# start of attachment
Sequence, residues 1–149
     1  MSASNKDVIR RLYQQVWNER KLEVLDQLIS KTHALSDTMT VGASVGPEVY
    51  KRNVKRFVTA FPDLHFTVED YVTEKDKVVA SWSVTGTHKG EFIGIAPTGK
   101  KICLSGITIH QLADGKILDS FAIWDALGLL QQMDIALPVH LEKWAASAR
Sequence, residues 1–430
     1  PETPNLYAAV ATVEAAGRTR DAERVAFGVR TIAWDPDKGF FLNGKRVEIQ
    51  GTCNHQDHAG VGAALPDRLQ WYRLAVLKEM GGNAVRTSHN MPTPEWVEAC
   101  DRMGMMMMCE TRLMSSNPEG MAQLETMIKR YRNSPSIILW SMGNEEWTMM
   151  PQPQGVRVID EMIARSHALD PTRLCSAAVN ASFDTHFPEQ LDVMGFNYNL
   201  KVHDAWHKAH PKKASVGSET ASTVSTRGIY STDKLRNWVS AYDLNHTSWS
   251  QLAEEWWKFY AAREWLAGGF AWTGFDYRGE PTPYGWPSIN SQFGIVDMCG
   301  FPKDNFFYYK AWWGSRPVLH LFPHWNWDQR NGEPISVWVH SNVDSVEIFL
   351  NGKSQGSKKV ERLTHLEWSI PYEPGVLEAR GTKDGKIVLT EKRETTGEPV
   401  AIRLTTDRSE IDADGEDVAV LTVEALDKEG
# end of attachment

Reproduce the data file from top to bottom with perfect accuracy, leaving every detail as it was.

Sequence, residues 1–149
     1  MSASNKDVIR RLYQQVWNER KLEVLDQLIS KTHALSDTMT VGASVGPEVY
    51  KRNVKRFVTA FPDLHFTVED YVTEKDKVVA SWSVTGTHKG EFIGIAPTGK
   101  KICLSGITIH QLADGKILDS FAIWDALGLL QQMDIALPVH LEKWAASAR
Sequence, residues 1–430
     1  PETPNLYAAV ATVEAAGRTR DAERVAFGVR TIAWDPDKGF FLNGKRVEIQ
    51  GTCNHQDHAG VGAALPDRLQ WYRLAVLKEM GGNAVRTSHN MPTPEWVEAC
   101  DRMGMMMMCE TRLMSSNPEG MAQLETMIKR YRNSPSIILW SMGNEEWTMM
   151  PQPQGVRVID EMIARSHALD PTRLCSAAVN ASFDTHFPEQ LDVMGFNYNL
   201  KVHDAWHKAH PKKASVGSET ASTVSTRGIY STDKLRNWVS AYDLNHTSWS
   251  QLAEEWWKFY AAREWLAGGF AWTGFDYRGE PTPYGWPSIN SQFGIVDMCG
   301  FPKDNFFYYK AWWGSRPVLH LFPHWNWDQR NGEPISVWVH SNVDSVEIFL
   351  NGKSQGSKKV ERLTHLEWSI PYEPGVLEAR GTKDGKIVLT EKRETTGEPV
   401  AIRLTTDRSE IDADGEDVAV LTVEALDKEG